The Bonnie Situation

Ross Gilmore/Redferns

tbd by editor

In April, the U.K. imprint Faber & Faber published Will Oldham on Bonnie 'Prince' Billy, a book-length interview with Oldham conducted by journalist/musician Alan Licht. Anyone who's ever read a published interview with Oldham will recognize this book as yet another counterintuitive career move by one of indie rock's premier counterintuitionists — a 382-page interview with an artist who famously dislikes interviews. He's actually a pretty fascinating interviewee when he's in the mood, but he usually isn't. And he doesn't want his own background and motivations to be a factor in people's understanding of his music, which tends to put him at cross purposes with most interlocutors right off the bat. Even sitting down with Licht, with whom he's been friends for years, was a mistake, he tells me: "I trusted the task to Alan, and I couldn't have asked for anybody better, but it's still like, 'Who do you want to do your colonoscopy?'"

It's not really surprising that Oldham is cagey about supplying A's for reporters' Q's. Almost 20 years ago, he started writing frayed, tender, often harrowing songs about life and death, singing them in the quavering voice of a half-deranged, shed-dwelling Appalachian bard, and releasing them to the public under a string of different aliases and band names, as if to confound completist record collectors and nosy reporters alike. He seemed intent on disappearing into the work; the portrait on the cover of his second album, Days in the Wake, was an underlit smudge. Before long, though, some biographical details came to light. Oldham wasn't actually a half-deranged, shed-dwelling Appalachian bard. He'd spent some time at Brown and done some film acting, playing the teenage preacher in John Sayles's Matewan and the dad in a made-for-TV movie about Baby Jessica. More than a few critics held up these facts as proof that Oldham was a charlatan — a hipster acting the part of a Weird Old American savage-savant to goose his college-radio spins.

Oldham, of course, had never actually claimed to be a sharecropper, and his music quickly evolved past folk-blues formalism into spooky, apocalyptic country-rock, but this didn't matter, at least to some people. It was the '90s, a go-go time for authenticity fetishism, especially in indie rock circles; we didn't have Lana Del Rey or Rick Ross to kick around yet, so Oldham sort of became the steadfastly inscrutable Rozay of the Drag City roster. But it's hard to keep a cult from accruing around a prolific and mysterious singer-songwriter with a fondness for odd creative decisions — recording an entire album (1996's Arise Therefore) accompanied by the funereal pulse of an antiquated drum machine, for example, or writing a beautifully spare piano ballad for said album and calling it "You Have Cum in Your Hair and Your Dick Is Hanging Out." Whatever Oldham was after, it wasn't authenticity, unless fealty to his own weird muse counts.

Around the end of the '90s, he began crediting his albums to a fictional alter ego, Bonnie "Prince" Billy, as if to both honor and frustrate the demand for an identifiable authorial presence in his work; he also grew a big beard that looked like a disguise. The first official BPB album, 1999's mordant I See a Darkness, became a bona fide Pitchfork-generation classic; Johnny Cash covered the title track on 2000's American III: Solitary Man. Now 42, Oldham may be American independent music's most dependably perverse career artist; sometimes it's as if he chooses his projects based on how much they seem like something Will Oldham wouldn't do, whether it's re-recording old songs with a slick band of Nashville session pros (Greatest Palace Music, 2004) or accepting acting roles in music videos for R. Kelly and Kanye West. His latest EP, Now Here's My Plan, recorded as a tie-in with the Faber book, is a mini-retrospective — five loose-limbed reworkings of older Oldham tunes by Oldham and his current touring band.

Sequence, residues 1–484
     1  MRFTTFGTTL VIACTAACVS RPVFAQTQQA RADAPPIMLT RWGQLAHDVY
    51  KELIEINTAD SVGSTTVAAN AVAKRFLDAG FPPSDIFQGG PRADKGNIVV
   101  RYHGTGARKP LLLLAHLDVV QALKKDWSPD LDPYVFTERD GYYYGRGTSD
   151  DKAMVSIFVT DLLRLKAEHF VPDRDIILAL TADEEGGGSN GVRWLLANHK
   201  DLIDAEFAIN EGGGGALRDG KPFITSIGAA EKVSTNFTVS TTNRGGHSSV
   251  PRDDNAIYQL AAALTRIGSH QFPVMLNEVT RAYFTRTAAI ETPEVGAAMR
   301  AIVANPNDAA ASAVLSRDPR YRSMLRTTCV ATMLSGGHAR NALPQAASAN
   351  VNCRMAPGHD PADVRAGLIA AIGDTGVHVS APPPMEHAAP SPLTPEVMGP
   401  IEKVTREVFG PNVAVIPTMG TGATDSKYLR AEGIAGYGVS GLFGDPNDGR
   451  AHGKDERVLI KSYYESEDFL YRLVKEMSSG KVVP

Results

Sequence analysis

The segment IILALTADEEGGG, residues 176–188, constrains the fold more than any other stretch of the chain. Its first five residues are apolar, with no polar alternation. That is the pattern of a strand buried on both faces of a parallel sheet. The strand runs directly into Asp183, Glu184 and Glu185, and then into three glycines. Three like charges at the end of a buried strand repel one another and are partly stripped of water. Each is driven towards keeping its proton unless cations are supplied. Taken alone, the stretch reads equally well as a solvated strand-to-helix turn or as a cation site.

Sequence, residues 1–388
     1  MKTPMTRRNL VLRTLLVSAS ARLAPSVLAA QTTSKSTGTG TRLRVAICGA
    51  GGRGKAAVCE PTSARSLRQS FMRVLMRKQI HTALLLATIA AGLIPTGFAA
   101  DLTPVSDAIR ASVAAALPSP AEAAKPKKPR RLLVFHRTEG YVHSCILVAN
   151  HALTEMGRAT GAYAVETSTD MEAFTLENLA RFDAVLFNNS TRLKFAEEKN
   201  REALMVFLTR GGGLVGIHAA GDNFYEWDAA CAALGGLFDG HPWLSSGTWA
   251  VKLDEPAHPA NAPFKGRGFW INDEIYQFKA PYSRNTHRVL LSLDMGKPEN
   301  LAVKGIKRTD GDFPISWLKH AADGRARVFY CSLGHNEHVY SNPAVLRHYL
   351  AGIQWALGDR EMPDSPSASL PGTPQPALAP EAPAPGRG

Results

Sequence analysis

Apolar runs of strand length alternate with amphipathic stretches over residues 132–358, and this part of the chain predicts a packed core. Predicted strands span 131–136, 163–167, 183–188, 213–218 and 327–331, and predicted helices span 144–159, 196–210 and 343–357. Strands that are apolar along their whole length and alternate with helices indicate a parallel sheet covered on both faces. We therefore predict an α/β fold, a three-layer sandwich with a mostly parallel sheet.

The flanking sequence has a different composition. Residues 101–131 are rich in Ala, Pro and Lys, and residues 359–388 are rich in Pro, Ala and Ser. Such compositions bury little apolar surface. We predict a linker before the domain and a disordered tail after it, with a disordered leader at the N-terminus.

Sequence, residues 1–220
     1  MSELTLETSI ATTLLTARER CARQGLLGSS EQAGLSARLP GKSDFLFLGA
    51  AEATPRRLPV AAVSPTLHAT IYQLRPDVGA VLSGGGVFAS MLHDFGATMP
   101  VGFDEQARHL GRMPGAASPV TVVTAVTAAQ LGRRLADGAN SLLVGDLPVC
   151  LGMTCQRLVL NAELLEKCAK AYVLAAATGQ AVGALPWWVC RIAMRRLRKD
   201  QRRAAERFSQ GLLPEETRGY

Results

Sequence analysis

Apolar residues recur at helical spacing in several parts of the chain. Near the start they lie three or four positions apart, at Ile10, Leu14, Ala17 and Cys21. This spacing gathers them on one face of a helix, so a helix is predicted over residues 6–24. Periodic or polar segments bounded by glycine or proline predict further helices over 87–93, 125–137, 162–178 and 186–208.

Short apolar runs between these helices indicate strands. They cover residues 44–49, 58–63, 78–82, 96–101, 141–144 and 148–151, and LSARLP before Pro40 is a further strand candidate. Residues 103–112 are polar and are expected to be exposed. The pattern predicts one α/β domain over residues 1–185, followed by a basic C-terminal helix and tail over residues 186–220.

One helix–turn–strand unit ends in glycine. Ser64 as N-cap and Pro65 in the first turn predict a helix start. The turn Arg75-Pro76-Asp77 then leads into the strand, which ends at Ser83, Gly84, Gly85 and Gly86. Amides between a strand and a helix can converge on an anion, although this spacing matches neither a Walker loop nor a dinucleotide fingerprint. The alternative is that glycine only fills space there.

We spoke on the phone in late July; I was nervous, but he was great.

You've said that you hope Will Oldham on Bonnie 'Prince' Billy will serve as a reference work for people writing about you in the future — the kind of book that clears up myths and misconceptions. But is there anything you enjoy about those misconceptions, or watching them develop and persist?

Yeah. Of course. On some level, the more ridiculous the better. That's the idea of Bonnie "Prince" Billy — being able to look at this character, and getting to be in the audience a little bit, watching the perception of this character. I think I came into this line of work as a way of extending and expanding my role as an audience member rather than as a performer — like, wanting to be the audience member on steroids, rather than a person that people are watching. It's like, you're sitting in the audience; you want to become a part of the work that you're being swept up by emotionally, and so now I'm doing that.

Was that a feeling that you had as an audience member, when you'd go see bands play?

Well, no, that's the thing: It never was really with bands. It was more with movies or with books or listening to records. I've never been to a show and wished that I was onstage. No matter how much I liked the performance. It feels like a special moment to get to watch certain people put themselves on the line and display incredible ability, either technical or emotional, or both, ideally. But there's never been a moment where I've seen somebody in an arena, in a club, and thought, "Oh, that's what I wish I was doing." What I wish I was doing was becoming the embodiment of a book or of a movie. And I'm doing it as close as I can by trying to imagine, when we go onstage to play, that it's this thing that has a narrative dynamic to it. Like what I vaguely remember to be the [idea] put forward by Aristotle in the Poetics — that everything that appears on a record or on a stage, whether it's a word or a lyric or an instrument or a person — is a narrative element that's crucial to the beginning, middle, and end. So I try to think of it in that way — but only as a way of imposing meaning or order on this thing that may or may not have an inherent meaning or order to it.